Saturday, May 1, 2010

The Jejemon Phenomenon

Labels are powerful, especially the stickier ones. The term, jejemon, is an outstanding example.

Before this phenomenon even became a word-of-mouth, I've already been bothered by the occurrence of a weird language pervading the web, one that made use of capitalized letters in all the wrong places. Jejenese, as it is now called, highlights the importance of inserting the letters h, x, and z, and celebrates the replacement of ordinary English letters with Hindu-Arabic numerals in a non-algebraic context.

Here's an example:


GMA-7 Michael Fajatin also made funny, interesting reports on the jejemon invasion. Click here and here.

I've never encouraged  jejenese, but when kids begin writing this way, to the detriment of their academic mastery of English, there is clearly a reason to be concerned.

Writing, after all, is a discipline. It is putting thoughts—abstract, invisible ideas in one's brain—into tangible letters which form words, then phrases, and then sentences. It is a skill to choose the right words or to know which letters must be capitalized; it is even a bigger task to word them in a way that is consistent with time, with mood, and with one's intentions. If we coddle jejenese, a form of writing not bound by rules, we may be in danger of losing this discipline.

But genuine concern must not translate to intellectual snobbery. I don't see how branding them with pejorative terms would help them. Which is why I haven't opted to be part of Facebook groups like Jejebusters whose sole goal is to wipe the jejemons out of the face of this world. There is a chasm of difference between mocking and helping them.

What I'm saying is that the popularity of the jejemons is a call to educators—both teachers and parents alike—to heighten efforts to train our children in language. At this point I agree with Sec. Guilbert GilbertTeodoro, and I truly hope he means this:


(Photos: Erwin San Luis, via Facebook, and Katrina Magallanes)

UPDATE May 4, 2010: Follow this interesting discussion in my Multiply.

8 comments:

  1. Right on. But if you read Lourd de Veyra's thoughts on the subject (http://www.spot.ph/2010/04/29/lourd-de-veyra-attack-jejemons-attack/), you might think that jejemon is but another phase of our development as a national culture--for the better or the worse, I don't know. :D

    I, too, have long noted that offensive treat of language long before it had a name. Funny though, that now we have a name for it are we deriding it.

    Sa bagay, only when it has a name does it gain consciousness.

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  2. Well said, Anjo. Mr. de Veyra also hit the point right: language is a dynamic entity, and the people define how it should be used. Sooner or later, language has to reach its equilibrium point; language is in a state of homeostasis. Radical changes like jejenism will be radically opposed. What I'm against, though, is the way it is being opposed.

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  3. Whoah! Lour de Veyra! Galing na poet nun! Thanks sa link! And i totally agree with you, Master Lance.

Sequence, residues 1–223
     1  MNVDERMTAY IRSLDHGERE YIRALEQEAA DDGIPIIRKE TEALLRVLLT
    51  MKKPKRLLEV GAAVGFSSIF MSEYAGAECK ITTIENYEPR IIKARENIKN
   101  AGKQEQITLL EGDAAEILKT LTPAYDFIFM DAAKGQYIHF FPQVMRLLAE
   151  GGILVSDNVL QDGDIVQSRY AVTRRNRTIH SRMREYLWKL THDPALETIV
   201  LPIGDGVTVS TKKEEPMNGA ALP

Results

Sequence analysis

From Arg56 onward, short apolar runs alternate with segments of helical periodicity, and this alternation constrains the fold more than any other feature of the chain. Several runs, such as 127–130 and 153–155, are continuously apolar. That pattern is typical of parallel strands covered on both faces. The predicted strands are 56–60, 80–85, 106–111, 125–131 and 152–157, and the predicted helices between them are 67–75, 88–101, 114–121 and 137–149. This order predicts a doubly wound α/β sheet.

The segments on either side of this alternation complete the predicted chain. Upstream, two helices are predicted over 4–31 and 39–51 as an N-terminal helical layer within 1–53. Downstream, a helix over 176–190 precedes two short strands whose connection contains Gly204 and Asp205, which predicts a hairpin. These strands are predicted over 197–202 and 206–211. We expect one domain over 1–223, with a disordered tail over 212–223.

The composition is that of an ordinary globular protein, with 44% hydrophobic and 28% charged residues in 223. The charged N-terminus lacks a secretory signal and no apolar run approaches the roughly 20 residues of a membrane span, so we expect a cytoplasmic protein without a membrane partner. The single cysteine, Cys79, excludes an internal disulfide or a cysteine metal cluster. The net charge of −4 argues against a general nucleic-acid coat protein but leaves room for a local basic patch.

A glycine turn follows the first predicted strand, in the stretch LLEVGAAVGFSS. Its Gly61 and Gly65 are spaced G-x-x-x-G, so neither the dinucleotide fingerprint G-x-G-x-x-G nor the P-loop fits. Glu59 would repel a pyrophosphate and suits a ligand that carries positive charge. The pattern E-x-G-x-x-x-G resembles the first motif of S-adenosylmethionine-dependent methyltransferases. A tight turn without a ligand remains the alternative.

Gusto ko yung sinabi ni sir Lourd: "Certain websites have enumerated the jejemon’s supposed lifestyle choices: rap songs made with tinny synthesizer beats, Dota, Ragnarok, and other online network games".

    Hehe!

    - Ralf

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  4. Ralf, buti na lang na-link ni Anjo (previous commenter). Naku, walang lusot ang Dota. Haha.

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  5. Napansin ko na rin yan dati lalu na henerasyon ng kapatid ko. At inaamin niya talaga na ganun siya dati ngunit agad niyang dinidiin na "hindi na ngayon."

    Nakakatawa kasi akala ko evolution lamang siya ng iniwan nating wika sa text bilang henerasyong unang nalulong sa text. Naaalala ko kasing kahit ako naman nag-alternate cases din kahit minsan. Haha. Pero hindi sa puntong naglagay na ko ng h, x, at z. hahaha.

    Pero di nga, dati pa, bago pa sila naging pokemon, este jejemon, napansin ko nang kahit sa kapatid ko nakakalimutan niya ang tunay na pagbabaybay ng mga salita lalu na sa ingles.

    Nakakatawa lang na porke't may pangalan na sila ngayon, bigla-bigla, wala nang jejemon. O kahit papano, wala nang umaaming jejemon sila. Benta. Haha

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  6. Ryan, totoo 'yun. Nag-eebolb talaga ang wika, at pruweba ang jejenismo. Nakikita kong napakadaling gayahin ito ng mga kabataan, kaya natatawa rin ako sa sinabi mo tungkol sa iyong kapatid. Pero totoo 'yun, kung nasanay ka na sa pagsusulat nang ganoon, makakalimutan mo na rin ang tamang baybay ng mga salita.

    Naranasan ko ito noong kumuha ako ng French class. Litong-lito ang lahat kung kelan ginagamit ang é at e. Dahil daw sa text. Iniisip ko ngayon: naku, mas lalo na sa mga jejemon.

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  7. Hey Lance. I read De Veyra's blog. Nice commentary. I didn't expect you, however, to also react to the jejemon invasion. hahaha.

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  8. I was hesitating to, actually, but since everybody was writing about it (including you) and I thought I had something to say, I went ahead.

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